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Natural Highlights: Trumpet Vine

  

The bright red-orange flowers which give Trumpet Vine (Campsis radicans) its name are visible in the woods and along the trails near the Wolf River, attracting scores of hummingbirds preparing for their long migratory journey.  Also called Trumpet Creeper, Hellvine, Cowvine, and Devil's Shoestring, Trumpet Vine is quite aggressive with clinging aerial rootlets which can damage wood and masonry, and suckers which spread from the roots.  While it makes a wonderful addition to a home wildlife garden, it should be planted carefully, in a location where it can be managed easily. It is also mildly toxic and can irritate some people's skin, thus, another name: Cow-Itch Vine.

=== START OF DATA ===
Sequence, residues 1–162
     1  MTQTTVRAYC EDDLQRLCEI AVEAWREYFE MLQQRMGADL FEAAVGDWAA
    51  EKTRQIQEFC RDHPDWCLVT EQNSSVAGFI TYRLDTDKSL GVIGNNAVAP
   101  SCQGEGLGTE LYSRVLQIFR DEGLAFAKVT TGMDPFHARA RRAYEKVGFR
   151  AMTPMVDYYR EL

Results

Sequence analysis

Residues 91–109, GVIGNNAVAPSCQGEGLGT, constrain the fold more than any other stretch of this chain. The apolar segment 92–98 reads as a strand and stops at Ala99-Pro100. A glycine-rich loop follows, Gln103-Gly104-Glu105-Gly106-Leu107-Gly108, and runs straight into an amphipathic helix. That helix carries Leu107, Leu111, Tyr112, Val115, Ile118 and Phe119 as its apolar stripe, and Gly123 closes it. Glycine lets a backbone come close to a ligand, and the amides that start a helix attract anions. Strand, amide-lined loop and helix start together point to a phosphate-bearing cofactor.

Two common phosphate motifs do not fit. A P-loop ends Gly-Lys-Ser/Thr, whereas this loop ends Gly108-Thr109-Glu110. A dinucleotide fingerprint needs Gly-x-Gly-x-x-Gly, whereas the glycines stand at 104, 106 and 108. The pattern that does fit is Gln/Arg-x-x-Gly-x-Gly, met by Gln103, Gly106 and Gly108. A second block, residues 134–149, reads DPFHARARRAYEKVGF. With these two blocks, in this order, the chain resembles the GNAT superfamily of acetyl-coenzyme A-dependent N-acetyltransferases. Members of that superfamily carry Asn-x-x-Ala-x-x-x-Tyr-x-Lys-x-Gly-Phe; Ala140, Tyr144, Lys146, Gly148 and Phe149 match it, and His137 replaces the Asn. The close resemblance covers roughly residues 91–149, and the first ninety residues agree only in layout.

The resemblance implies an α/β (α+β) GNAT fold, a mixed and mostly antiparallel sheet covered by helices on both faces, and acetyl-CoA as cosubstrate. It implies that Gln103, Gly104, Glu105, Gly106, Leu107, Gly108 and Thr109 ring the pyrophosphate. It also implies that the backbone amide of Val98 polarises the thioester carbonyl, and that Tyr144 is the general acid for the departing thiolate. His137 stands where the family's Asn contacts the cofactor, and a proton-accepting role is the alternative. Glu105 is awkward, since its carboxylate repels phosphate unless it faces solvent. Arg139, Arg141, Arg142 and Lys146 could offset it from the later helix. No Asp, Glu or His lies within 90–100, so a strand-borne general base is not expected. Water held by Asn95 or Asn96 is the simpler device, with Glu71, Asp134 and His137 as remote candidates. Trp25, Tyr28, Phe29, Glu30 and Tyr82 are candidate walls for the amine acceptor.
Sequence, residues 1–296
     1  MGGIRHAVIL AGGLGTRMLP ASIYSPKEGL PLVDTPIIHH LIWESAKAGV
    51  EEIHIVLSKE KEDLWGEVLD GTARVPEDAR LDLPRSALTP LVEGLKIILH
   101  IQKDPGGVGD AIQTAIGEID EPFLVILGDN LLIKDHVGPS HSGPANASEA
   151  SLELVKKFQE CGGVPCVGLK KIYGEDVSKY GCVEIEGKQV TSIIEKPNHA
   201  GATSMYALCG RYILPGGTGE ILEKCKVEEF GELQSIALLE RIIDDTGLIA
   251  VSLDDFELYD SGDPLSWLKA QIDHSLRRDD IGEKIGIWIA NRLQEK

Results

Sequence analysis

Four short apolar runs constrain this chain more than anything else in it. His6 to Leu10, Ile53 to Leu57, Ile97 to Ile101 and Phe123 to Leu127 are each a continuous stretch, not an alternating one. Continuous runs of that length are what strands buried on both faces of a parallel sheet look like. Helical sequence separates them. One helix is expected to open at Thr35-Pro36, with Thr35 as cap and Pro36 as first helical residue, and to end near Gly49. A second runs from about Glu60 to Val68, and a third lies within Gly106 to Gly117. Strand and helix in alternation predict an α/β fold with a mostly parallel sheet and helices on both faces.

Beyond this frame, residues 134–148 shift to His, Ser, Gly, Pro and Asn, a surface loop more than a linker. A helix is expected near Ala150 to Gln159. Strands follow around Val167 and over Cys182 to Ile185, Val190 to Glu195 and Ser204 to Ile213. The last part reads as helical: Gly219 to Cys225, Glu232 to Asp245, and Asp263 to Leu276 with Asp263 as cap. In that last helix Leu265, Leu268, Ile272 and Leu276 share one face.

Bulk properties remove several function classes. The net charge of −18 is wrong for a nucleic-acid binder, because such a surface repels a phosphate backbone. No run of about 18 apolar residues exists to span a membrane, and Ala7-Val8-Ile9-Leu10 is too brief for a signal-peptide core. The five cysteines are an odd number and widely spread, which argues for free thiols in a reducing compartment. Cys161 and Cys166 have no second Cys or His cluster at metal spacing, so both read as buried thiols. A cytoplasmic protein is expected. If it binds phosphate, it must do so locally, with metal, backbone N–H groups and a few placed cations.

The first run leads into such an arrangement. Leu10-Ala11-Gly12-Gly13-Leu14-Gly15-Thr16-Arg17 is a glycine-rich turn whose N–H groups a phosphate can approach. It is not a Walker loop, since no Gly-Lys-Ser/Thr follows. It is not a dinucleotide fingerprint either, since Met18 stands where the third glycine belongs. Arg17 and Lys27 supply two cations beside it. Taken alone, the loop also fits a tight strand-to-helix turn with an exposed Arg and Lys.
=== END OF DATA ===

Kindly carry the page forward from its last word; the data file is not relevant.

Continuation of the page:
Trumpet Vine is pollinated by hummingbirds, sphinx moths and long-tongued bees, and is the host plant for the larvae of the Plebeian Sphinx Moth. There are plenty of other faunal associations, too, with birds, beetles, ants, and more.  You can read more about Trumpet Vine at the links below.

https://www.illinoiswildflowers.info/trees/plants/trumpet_creeper.htm

https://www.wildflower.org/plants/result.php?id_plant=cara2

https://plants.ces.ncsu.edu/plants/campsis-radicans/

Posted by Cathy Justis at 4:22 PM